Checking tire pressure

Next, close the hood, and then check that the tires are filled to the air pressure level recommended in the manual.

This should always be done when the tires are cool.

If too low, drive to the nearest gas bar, where air use is usually free. If really low, however, see Changing your tires before driving, in order to avoid damage to your wheel.

If you live where salt is used on roads in the winter, be sure to thoroughly spray the underside of the car and around the tires when washing the car. Do this fairly frequently to prevent corrosion. This will help maintain the resale value and appearance of your vehicle.

When washing, never attempt to clean the inside of the engine department when the engine is still hot from running. If fact, you are better off to ignore the engine compartment when washing.


Jump starting your vehicle

Knowing how to jump start is really helpful when your engine will not start because you have accidentally left your lights on or the weather is extremely cold.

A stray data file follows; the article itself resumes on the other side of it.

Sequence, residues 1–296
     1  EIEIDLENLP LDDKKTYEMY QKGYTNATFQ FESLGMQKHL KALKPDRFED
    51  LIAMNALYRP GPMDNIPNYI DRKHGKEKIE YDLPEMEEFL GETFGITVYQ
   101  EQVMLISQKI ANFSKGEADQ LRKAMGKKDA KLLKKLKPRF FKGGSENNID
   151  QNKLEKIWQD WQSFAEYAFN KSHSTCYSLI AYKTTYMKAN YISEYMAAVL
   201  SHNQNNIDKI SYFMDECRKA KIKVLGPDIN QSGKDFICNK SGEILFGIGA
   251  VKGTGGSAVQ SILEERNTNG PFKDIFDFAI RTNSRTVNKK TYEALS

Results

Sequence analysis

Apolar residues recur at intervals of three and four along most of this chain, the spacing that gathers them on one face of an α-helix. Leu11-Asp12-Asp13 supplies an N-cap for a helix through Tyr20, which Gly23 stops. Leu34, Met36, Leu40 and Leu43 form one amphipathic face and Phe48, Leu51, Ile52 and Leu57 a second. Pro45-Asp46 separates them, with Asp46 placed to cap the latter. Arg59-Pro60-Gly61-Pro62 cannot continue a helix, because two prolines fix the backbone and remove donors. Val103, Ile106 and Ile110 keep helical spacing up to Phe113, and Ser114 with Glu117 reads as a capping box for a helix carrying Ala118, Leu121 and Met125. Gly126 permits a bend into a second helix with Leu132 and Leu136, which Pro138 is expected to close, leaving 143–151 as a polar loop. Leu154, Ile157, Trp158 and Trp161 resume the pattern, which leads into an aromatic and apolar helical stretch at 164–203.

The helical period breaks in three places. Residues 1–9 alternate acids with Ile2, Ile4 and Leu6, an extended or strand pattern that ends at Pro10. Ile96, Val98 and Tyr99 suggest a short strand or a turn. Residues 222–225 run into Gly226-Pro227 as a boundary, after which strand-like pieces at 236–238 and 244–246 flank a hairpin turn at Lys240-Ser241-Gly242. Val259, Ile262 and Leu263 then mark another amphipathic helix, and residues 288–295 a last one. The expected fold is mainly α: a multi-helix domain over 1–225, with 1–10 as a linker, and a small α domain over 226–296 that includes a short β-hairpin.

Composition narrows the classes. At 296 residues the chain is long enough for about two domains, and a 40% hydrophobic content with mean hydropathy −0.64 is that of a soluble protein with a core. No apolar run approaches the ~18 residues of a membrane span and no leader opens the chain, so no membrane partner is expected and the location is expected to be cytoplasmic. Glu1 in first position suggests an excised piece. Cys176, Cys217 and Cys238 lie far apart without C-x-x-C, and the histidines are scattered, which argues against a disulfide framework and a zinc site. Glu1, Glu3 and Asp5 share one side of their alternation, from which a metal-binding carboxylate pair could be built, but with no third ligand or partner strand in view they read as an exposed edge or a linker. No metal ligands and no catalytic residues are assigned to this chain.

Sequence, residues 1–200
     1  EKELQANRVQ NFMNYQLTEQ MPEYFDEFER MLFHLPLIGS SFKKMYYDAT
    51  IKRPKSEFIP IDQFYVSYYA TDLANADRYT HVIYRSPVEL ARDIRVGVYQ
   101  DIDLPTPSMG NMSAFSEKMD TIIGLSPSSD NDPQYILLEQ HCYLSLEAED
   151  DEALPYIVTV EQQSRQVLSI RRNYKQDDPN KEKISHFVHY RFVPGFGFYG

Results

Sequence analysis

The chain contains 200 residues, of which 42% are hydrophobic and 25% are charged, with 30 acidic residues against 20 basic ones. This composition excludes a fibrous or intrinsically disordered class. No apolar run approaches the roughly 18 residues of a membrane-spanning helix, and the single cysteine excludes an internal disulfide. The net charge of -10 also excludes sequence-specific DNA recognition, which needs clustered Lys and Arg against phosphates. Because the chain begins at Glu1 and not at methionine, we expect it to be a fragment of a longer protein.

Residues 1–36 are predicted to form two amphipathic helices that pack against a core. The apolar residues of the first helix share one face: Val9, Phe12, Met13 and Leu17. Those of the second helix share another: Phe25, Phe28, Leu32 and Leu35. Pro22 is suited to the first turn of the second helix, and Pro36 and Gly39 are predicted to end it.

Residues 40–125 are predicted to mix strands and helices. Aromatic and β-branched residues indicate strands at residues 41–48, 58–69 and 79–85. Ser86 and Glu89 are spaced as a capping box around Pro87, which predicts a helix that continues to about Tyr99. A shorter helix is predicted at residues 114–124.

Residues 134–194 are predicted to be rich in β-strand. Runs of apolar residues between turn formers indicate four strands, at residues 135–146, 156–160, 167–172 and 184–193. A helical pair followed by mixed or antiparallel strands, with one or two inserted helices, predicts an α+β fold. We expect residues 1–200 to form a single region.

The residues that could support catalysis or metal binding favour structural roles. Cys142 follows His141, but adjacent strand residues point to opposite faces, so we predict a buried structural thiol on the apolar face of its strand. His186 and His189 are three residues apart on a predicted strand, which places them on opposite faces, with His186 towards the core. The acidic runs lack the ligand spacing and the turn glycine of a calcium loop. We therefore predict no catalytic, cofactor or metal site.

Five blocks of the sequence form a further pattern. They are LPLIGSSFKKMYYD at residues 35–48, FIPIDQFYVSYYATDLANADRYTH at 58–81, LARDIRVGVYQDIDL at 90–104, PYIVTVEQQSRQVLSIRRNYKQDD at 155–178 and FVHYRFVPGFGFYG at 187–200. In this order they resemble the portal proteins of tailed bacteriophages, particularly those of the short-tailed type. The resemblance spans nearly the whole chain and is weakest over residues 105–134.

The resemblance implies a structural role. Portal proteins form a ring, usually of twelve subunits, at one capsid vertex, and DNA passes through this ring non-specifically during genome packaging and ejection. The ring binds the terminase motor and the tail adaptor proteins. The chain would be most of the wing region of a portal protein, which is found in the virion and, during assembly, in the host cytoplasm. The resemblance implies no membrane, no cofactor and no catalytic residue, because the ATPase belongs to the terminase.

Have a friend explain how to jump start your battery. Have this explained by someone in person, as doing it incorrectly can be dangerous to you and damaging to your vehicle.

All of this preventive maintenance and "do-it-yourself" knowledge prevents or diminishes problems on the road.


Oil changes and lubrications

Your owner's manual tells you how often to have your engine oil changed and vehicle lubricated.

Because of important environmental issues regarding the disposal of old oil, have your oil changed and lubrications done at a full-service gas bar, Canadian Tire, or Jiffy Lube, instead of trying to do these yourself. These places will also check the condition of your air filter.

For more tips on adjusting to life in the USA and Canada:

Go to >> Adjusting Introduction

Go to >> Doing your laundry

Go to >> Buying a car

Go to >> Changing your tires

For more discussion about interacting with Americans and Canadians:

Go to >> Interacting with Americans and Canadians

Go to >> Making friends

Go to >> Handling complaints

Go to >> Dealing with prejudice

Go to >> Avoiding sexism